Steve Jobs - one very famous minimalist and an advocate of going couchless. Photo taken by Dianne Walker in 1982 and used previously in Time and Life magazine.


One aspect of both of these theories intrigued me – that is – living without a lot of the furniture that we in the West assume is essential, like a couch.

Image by S. Tsuchiya.

The more I read, the more I understood that our Western lifestyle encourages decrepitude by isolating “Exercise” to specific, times in a day or week, giving us permission to be sedentary at every other time. We all now understand the problems associated with sitting for hours at a desk – and products have sprung up that purport to deal with this – like standing desks and special chairs. But, for some reason, lounging for hours on a couch, hasn’t had the same level of scrutiny.


Even most fit people are only exercising for a small percentage of their waking hours – which means that they might be sedentary for most of their day. The rest of us in the West are sedentary for much, much longer. This has a hugely negative impact on our health, wellbeing and longevity. You can read more about how horrendous a sedentary lifestyle is here.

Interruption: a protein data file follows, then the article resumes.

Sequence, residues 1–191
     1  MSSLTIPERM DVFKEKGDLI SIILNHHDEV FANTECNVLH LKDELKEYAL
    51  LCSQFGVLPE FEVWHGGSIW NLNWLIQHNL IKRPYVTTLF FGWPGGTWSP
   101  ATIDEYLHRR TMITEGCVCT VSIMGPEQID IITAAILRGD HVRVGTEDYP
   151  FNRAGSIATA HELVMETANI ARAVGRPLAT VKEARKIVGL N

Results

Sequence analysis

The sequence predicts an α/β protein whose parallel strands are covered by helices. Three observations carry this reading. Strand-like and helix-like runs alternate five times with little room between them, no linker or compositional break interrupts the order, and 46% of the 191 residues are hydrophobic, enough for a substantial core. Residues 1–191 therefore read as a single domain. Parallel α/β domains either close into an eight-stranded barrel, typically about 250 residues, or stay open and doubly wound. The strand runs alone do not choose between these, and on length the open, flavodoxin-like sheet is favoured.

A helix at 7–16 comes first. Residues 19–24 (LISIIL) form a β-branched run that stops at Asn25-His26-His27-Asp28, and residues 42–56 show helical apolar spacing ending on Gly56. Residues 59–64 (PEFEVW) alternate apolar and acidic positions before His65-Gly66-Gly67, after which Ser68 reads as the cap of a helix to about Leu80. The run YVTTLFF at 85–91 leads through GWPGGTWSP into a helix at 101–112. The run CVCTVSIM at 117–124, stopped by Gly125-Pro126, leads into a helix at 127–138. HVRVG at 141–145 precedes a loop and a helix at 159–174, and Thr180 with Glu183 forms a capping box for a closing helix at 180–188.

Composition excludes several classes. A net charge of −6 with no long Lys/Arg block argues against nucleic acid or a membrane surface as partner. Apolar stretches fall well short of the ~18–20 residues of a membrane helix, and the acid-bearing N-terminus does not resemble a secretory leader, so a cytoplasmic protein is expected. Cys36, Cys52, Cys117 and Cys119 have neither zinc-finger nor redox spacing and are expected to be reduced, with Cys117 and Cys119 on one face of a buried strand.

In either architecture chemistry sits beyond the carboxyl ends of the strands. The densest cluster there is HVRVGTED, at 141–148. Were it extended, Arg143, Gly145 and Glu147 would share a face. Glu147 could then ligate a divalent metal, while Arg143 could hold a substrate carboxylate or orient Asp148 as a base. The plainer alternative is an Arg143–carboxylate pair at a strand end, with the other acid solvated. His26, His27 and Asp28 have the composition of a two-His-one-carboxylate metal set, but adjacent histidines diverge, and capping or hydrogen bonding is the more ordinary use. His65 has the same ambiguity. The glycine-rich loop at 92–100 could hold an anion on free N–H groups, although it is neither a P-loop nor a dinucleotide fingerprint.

After doing much more reading about extreme minimalism and nutritious movement, I decided to forego buying a new couch. I donated our couch to Emmaus and bought some very thick underlay, a coir rug and a very thick wool rug to go over the top. I bought Japanese floor cushions known as zabuton.


There is about a 4 -5 cm layer of cushioning on our wooden loungeroom floor. I knew that many of my friends would not like to sit on the floor and I was slightly worried about having guests around. It was early 2019. As things turned out – that wasn’t really a problem.


It's now been almost 4 years since we’ve lived without a couch – so I can give you the pros and cons based on some experience. It took about 6 months to properly become used to sitting on the floor – and that is with my Japanese cultural background. Just sitting down and standing up felt like an unreasonable effort. Try it – if it feels like an energy spend just sitting down on the floor and getting up again, it might be that you are too sedentary.


After a while though, the active sitting meant that we all become stronger, more flexible and had less aches and pains, particularly less back pain.


Another massive pro was that it freed up so much space in our loungeroom – enough space that we could all comfortably lay out yoga mats on the floor and do online yoga and other floor based exercise together. This is not something I had even considered to be a factor in 2019, but turned out to be a rather huge pro in 2020.